By: Louk Vreeswijk

Apr 08 2018

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Category: Europe, Greece, Italy

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In one of the orthodox churches of Paleochora I saw to my surprise a big open stone reservoir filled with human bones: an ossuary inside the church in full view! I have understood that ossuaries came into use in places where graveyard space is scarce. After a few years in the ground the remains of a dead person would get dug up so that the grave could be used again for a fresh dead body. Digging up was done on a special day like the death anniversary of the person in the presence of family members. The bones were then ceremoniously washed and cleaned, sometimes with wine, and placed in the ossuary while the skull – with name attached – was put in a separate room for skulls only. Not very different actually from the second burial practice among Australian Aborigines, although in their case it’s not lack of space that is at the origin of their reburial ceremonies.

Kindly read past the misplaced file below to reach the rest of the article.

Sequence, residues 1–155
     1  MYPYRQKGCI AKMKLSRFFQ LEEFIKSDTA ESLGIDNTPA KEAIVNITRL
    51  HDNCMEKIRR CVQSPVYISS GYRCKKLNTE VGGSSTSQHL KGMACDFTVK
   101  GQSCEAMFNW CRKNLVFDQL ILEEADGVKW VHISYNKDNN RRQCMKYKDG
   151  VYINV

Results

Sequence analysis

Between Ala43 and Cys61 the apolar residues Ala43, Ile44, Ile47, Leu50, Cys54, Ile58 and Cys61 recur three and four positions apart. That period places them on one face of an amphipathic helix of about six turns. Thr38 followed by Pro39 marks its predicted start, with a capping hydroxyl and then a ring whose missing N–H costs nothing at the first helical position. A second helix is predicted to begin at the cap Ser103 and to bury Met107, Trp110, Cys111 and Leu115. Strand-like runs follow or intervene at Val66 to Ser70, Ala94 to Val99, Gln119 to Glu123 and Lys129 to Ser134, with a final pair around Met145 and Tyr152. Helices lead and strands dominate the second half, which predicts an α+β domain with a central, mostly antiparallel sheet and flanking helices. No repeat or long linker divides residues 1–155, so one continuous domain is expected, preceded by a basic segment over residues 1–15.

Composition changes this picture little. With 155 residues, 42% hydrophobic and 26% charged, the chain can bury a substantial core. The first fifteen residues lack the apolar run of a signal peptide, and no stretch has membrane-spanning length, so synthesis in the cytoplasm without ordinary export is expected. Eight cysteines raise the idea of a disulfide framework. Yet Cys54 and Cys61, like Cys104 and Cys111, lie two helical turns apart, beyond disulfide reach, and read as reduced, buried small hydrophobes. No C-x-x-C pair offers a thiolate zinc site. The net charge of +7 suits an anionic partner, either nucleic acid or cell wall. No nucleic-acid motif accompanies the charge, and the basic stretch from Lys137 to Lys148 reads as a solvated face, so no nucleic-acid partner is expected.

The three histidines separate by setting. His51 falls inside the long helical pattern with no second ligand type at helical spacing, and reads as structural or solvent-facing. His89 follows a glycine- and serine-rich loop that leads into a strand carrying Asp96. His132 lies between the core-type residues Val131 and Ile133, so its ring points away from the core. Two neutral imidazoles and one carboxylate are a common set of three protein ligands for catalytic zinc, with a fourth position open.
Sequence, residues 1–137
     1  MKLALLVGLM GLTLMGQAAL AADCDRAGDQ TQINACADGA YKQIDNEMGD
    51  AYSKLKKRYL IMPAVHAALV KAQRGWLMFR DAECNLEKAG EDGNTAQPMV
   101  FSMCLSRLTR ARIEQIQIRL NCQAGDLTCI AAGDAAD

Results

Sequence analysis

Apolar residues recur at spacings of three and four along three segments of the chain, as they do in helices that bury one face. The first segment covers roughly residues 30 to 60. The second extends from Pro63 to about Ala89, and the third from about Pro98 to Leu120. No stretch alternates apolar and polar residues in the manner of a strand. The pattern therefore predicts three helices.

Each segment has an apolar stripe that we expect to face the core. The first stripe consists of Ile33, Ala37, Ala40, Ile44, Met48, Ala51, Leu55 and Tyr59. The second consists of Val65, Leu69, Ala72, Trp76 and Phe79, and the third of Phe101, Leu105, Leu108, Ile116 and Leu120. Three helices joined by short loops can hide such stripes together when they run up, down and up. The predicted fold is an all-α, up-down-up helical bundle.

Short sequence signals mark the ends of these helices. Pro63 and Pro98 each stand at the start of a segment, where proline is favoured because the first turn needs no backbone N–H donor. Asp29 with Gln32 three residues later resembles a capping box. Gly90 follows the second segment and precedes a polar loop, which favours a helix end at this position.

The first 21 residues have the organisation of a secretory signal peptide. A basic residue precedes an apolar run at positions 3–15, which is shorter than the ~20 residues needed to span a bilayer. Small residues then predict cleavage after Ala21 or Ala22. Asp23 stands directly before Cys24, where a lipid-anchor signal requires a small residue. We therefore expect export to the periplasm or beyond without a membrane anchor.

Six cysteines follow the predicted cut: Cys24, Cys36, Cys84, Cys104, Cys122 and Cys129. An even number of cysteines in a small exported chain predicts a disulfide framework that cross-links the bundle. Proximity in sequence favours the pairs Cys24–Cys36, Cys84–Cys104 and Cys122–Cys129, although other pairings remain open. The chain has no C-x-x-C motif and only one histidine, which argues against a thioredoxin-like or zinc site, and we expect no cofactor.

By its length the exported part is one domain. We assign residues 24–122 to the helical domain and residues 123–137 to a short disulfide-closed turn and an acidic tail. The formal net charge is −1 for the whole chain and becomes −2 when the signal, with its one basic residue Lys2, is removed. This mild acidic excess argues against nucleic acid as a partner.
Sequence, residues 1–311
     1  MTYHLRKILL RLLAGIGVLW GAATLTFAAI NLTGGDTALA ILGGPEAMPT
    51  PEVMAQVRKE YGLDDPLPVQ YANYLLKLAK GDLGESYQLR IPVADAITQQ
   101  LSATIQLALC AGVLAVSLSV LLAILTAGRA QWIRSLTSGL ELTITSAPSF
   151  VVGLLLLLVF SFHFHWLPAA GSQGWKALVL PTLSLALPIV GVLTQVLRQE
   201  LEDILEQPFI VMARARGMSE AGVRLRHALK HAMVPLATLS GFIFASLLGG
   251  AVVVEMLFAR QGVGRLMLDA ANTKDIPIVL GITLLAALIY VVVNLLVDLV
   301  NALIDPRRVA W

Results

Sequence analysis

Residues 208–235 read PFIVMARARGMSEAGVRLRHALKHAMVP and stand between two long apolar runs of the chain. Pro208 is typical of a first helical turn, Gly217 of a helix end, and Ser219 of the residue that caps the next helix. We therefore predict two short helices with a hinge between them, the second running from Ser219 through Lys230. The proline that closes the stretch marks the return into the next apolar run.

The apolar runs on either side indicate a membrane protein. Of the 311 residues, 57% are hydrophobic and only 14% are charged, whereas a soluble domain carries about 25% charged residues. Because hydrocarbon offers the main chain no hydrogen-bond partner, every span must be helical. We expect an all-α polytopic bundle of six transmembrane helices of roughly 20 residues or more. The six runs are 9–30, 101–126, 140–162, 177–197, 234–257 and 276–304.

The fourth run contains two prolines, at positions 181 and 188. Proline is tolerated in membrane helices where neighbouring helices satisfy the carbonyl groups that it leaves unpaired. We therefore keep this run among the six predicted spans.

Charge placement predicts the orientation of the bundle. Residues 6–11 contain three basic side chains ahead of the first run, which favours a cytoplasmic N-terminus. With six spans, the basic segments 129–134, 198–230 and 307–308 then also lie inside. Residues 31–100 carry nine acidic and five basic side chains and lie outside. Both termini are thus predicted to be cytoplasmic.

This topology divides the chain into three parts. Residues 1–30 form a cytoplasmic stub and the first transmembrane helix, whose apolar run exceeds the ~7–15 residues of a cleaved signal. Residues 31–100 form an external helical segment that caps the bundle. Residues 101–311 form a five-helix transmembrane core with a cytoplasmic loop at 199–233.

Roman Catholicism also knows the use of ossuaries. When the dead person was a religious dignitary, or maybe even a suspected future saint, the bones would receive special treatment and not be thrown in a box mixed with those of ordinary people.

Human skull, Arezzo, Italy 2004

This skull in its glass box that I once saw in a church in Arezzo is surely not of some bungler or other, nor of a heretic who deserved to be muzzled!

Photo of the week: Ossuary inside a church, Paleochora, Aegina, Greece 2013

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